That, however, is emphatically not the case, as WayForward demonstrates on a fairly regular basis. Not only do they have the wonderful Shantae and her friends in their portfolio, but they also have the cast of the delightful puzzle-platformer series Mighty Switch Force! to draw upon.
Today we’re going to take a look at the lead from that series, one Patricia Wagon. Stop, in the name of the law!
Continue reading Waifu Wednesday: Patricia Wagon
The Tower of Druaga is an important part of gaming history — yet it’s also a game that has somewhat divided opinion over the years.
Back in its native Japan, it was widely loved and appreciated for its revolutionary nature at the time of its original release; in the West, however, it was lambasted for its slow pace, obtuse mechanics and monstrous level of difficulty.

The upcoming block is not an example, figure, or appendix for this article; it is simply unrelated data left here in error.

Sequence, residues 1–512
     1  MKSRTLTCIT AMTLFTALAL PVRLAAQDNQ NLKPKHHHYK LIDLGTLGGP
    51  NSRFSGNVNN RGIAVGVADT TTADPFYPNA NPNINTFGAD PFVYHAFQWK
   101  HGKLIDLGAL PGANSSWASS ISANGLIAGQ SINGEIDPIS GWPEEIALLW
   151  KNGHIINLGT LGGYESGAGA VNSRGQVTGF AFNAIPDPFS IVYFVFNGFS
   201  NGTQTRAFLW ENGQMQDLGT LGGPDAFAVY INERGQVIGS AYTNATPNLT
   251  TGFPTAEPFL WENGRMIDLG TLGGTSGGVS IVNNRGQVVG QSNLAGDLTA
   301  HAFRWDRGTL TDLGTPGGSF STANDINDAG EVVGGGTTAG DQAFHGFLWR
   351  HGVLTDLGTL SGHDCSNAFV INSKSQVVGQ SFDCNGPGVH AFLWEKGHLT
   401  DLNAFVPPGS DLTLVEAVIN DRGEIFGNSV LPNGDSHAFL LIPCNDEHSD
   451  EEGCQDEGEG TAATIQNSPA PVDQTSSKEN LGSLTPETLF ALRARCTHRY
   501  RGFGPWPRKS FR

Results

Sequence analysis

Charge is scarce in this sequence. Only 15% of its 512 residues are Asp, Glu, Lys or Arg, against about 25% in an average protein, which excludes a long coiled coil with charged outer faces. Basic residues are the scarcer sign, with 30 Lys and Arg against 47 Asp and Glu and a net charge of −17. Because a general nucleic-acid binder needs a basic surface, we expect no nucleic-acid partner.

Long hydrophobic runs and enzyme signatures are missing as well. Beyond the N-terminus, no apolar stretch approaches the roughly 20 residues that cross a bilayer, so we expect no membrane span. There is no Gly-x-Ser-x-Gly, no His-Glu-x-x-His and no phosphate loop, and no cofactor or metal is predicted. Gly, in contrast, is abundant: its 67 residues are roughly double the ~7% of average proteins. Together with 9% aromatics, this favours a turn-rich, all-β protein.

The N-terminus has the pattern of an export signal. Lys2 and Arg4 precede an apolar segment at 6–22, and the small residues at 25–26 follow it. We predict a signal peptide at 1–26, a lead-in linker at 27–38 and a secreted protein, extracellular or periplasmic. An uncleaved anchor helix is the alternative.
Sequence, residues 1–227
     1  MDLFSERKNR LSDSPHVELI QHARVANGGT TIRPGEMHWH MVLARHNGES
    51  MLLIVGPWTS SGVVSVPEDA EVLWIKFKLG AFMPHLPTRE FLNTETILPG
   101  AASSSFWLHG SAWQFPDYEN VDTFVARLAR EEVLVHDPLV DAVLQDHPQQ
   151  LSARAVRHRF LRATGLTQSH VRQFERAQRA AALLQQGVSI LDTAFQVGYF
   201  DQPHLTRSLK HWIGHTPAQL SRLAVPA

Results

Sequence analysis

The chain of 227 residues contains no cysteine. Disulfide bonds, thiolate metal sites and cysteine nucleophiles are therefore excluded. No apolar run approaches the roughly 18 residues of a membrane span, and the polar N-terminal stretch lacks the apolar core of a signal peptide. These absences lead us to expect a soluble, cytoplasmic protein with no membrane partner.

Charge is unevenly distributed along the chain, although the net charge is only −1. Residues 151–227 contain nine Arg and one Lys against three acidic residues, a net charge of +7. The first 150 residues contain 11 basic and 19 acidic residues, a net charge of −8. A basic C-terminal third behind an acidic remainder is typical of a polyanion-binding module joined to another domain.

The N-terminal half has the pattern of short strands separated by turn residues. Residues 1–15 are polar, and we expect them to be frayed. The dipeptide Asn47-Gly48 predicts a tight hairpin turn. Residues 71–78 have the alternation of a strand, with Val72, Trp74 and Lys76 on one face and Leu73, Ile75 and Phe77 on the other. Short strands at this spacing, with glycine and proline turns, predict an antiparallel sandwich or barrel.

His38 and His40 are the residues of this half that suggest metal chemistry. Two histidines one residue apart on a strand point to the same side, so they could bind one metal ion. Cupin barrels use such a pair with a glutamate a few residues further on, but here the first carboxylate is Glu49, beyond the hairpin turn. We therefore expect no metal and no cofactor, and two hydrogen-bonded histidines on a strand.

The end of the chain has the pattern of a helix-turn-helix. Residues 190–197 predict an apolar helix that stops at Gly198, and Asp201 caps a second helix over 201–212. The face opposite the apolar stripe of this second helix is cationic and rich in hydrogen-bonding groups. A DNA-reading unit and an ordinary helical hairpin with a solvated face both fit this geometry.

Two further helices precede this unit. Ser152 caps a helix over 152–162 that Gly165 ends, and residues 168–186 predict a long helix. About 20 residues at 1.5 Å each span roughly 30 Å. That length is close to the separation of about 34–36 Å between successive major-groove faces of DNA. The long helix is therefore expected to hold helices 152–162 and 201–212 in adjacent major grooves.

Regardless of your feelings on it, you can now play the Famicom version as part of the Namco Museum Collection 2 cartridge on the Evercade retro gaming system. So let’s take a closer look, and see why this game is so important.
Continue reading The Tower of Druaga: Persevere, Sir Knight
You think we have problems now? Back in the ’80s, video game distributors would refuse to stock games if they felt they would be “harmful to children”. And Red Rat’s Nightmares for Atari 8-bit was a victim of this moral panic.